WASHINGTON — President Clinton, testifying under oath Sunday in a criminal trial stemming from the Whitewater scandal, denied--as he has previously in press interviews--allegations linking him to an alleged conspiracy to defraud two federally backed lending institutions.
The president, whose videotaped testimony will be played at a later date in the U.S. District Court case in Little Rock, Ark., was questioned for nearly 4 1/2 hours by defense and prosecution attorneys behind closed doors at the White House.
Even though Clinton will never set foot in the courtroom, he is the key defense witness in the trial on fraud and conspiracy charges of Arkansas Gov. Jim Guy Tucker and James B. and Susan McDougal, who were investment partners with Clinton and First Lady Hillary Rodham Clinton in the Whitewater resort development.
The president's exact words under oath will not be known until the tape is played, perhaps as soon as next week. Under orders from U.S. District Judge George Howard Jr., the videotape is being kept under seal and attorneys who attended the interview are barred from discussing it.
However, witnesses to the questioning at the White House said the president's answers did not diverge from his previous statements on the key question of whether he put pressure on David Hale, the key prosecution witness, to make an improper loan from his government-backed small-business investment corporation.
"I did not see that he made any inconsistent statements," said James McDougal after leaving the White House. He said Clinton seemed at ease throughout the questioning.
"There won't be any surprises," predicted White House spokesman Mark Fabiani, referring to the reaction of those who will see the videotape when it is played in the courtroom. "The president has said, both in public statements and in previous interviews, his views about David Hale's allegations."
In the past, Clinton has called Hale's story "a bunch of bull."
Hale, who was a municipal judge at the time of the alleged plot in the mid-1980s, testified earlier in the trial that then-Gov. Clinton and James McDougal asked him to make a $300,000 loan to Susan McDougal. Contrary to statements made on the loan application, the money was spent on the McDougals' real estate ventures, and one parcel purchased with the loan was held briefly by the McDougal-Clinton partnership that also owned Whitewater.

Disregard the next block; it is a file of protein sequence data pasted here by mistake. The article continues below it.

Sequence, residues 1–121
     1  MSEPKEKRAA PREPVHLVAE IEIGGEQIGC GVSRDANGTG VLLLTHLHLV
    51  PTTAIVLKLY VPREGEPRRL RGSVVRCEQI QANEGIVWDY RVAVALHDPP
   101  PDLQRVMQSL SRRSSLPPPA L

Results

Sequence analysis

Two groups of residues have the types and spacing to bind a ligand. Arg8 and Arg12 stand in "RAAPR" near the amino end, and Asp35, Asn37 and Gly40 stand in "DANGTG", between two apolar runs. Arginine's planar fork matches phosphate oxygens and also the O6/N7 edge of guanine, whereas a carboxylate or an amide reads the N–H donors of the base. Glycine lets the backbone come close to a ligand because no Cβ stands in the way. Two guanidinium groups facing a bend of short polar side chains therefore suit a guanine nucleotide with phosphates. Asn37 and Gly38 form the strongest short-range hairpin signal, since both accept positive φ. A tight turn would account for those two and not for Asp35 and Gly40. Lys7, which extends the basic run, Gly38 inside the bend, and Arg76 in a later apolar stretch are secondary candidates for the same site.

According to Hale, the $300,000 loan was part of a complex, $3-million conspiracy involving Clinton, the McDougals and Tucker that succeeded in defrauding both Hale's lending firm, known as Capital Management Services Inc., and Madison Guaranty Savings & Loan, a Little Rock thrift then owned by the McDougals.
For his part, Clinton insists that he did not participate in meetings at the McDougals' land-sales trailer south of Little Rock in which Hale claims the deal was struck.
Government prosecutors have acknowledged that they do not have sufficient evidence of Clinton's involvement for the president either to be charged in the case or to be named as an unindicted co-conspirator.
The questioning took place in the Map Room, a first-floor parlor in which President Franklin D. Roosevelt followed the progress of the Allied forces during World War II. White House officials said the session began at 1:12 p.m. EDT and ended at 5:38 p.m. According to Bobby McDaniel, attorney for Susan McDougal, the defense questioned Clinton directly for only 45 minutes, but the cross-examination by the government took 3 1/2 hours.
The participants included the McDougals, who are now divorced, their three attorneys, four attorneys representing Tucker, eight members of the prosecution staff, two of the president's personal attorneys, five attorneys from the White House counsel's office and three representatives of the Justice Department, as well as court reporters and camera operators.
Tucker, who was lieutenant governor under Clinton, did not attend.
Two cameras recorded the president's answers. One was linked to a satellite that allowed Judge Howard to monitor the proceedings from his Little Rock office. The other camera made the official videotape.
It is by no means unusual for a president to serve as a trial witness. Although no sitting president has testified in person, many of Clinton's predecessors, beginning with James Madison, have been deposed on matters at issue in criminal trials.
Defense attorneys for Tucker and the McDougals contend that Hale, who is facing a 28-month prison term for his conviction on charges of defrauding the government, concocted a story about the president to gain leniency from Whitewater independent counsel Kenneth W. Starr.
Lawyers for the defendants are betting that the president's videotaped denials will carry more weight with the jury than the testimony of Hale, who has admitted that he lied to the government on more than one occasion.